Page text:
Good Nights Out

Aleks Sierz
Methuen Drama

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Good Nights Out

The majority of academics seem to go out of their way to write books on relatively obscure subjects. Bucking that trend, Aleks Sierz’s latest offering direct itself towards the most popular British theatrical productions of a 75-year period commencing in 1940.

His starting point is scientific but somewhat random, since in order to qualify for entry in an esteemed list, a play or musical must have enjoyed a consecutive run of 1,000 performances, although a little leeway is allowed around transfers between venues and other minor breaks.

Part of the fun of this volume lies in discovering totally forgotten works that ran for year after year and contrasting those with pieces that seemed to be incredibly popular but failed to make the grade.

It is sad to discover that so many plays that must have seemed like they would run forever have disappeared without trace, not only those written about the war, either while it was still going on or soon afterwards, but also many of the lightweight comedies that would now presumably seem very dated.

Pleasingly, though, the first play on the long list, Noël Coward’s Blithe Spirit, is still going strong and has just reopened in the West End.

The question arises as to what makes audiences return to plays again and again and the qualities that are required to achieve this level of popularity.

It becomes clear at an early stage that artistic merit is rarely a relevant factor, let alone a guiding principle, with dear old Shakespeare barely getting a look in.

Ironically, where there is a strong literary underpinning to a piece, it needs to be well disguised in order to fool the public into coming back again and again. The Bard actually does make it but only as the progenitor of musicals such as Return to the Forbidden Planet, which was based on The Tempest.

As the author identifies, in recent decades, almost every megahit was either a musical or a light comedy, most commonly a farce. That makes the National Theatre production of The Curious Incident of the Dog in the Night-Time not only special but unique as a straight play that hit the target after opening in the current millennium.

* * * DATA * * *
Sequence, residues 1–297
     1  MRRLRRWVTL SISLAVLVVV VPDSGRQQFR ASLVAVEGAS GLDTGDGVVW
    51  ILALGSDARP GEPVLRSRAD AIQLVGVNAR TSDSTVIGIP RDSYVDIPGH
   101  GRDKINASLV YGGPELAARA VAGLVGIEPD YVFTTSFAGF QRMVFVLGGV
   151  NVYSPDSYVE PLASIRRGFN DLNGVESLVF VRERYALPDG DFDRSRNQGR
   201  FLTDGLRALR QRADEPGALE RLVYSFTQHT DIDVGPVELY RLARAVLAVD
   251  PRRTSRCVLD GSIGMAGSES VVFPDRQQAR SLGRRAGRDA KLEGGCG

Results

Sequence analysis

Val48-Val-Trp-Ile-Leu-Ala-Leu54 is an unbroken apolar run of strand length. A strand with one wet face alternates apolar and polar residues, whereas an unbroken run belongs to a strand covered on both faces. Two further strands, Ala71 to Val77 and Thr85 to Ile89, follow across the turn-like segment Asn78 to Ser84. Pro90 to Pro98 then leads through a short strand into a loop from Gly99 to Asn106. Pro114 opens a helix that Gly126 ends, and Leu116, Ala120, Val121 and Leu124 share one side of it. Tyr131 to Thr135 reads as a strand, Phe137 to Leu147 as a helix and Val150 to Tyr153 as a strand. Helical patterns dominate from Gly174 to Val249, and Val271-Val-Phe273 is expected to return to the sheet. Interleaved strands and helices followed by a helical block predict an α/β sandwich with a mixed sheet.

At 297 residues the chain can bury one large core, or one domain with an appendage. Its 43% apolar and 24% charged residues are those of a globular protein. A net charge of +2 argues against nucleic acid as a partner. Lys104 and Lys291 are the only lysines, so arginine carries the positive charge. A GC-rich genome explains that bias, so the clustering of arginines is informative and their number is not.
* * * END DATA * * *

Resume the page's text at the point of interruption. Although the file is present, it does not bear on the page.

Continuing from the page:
As with any book of lists, one attraction is to discover what is and is not included on the long-list and then to drill down and find out the plays that Aleks Sierz has chosen to analyse in depth utilising his academic experience but in an accessible style that will appeal to a general audience.

He has broken down his subject into seven categories: war, crime, sex, family, class, history and fantasy.

To give a flavour, choosing randomly from each category, the book includes detailed views of Worm’s Eye View by R F Delderfield, the granddaddy of them all with twice as many performances as any other The Mousetrap by Agatha Christie, No Sex Please We’re British by Anthony Marriott and Alistair Foot, Spring and Port Wine by Bill Naughton, Blood Brothers by Willy Russell, The 39 Steps by Patrick Barlow and The Rocky Horror Show by Richard O’Brien.

This is a book that will prove both informative and entertaining, reminding readers of changes in society over the last 80 years, at the same time as showing them how theatrical popularity moves with the times. In the politically correct climate today, it beggars belief that The Black-And-White Minstrels twice made the list with different shows.

Good Nights Out is genuinely a great read and, as a bonus, could also generate an excellent dinner table game, as guests attempt to guess which new plays or musicals will make it to the top table in two or three years’ time.

Reviewer: Philip Fisher

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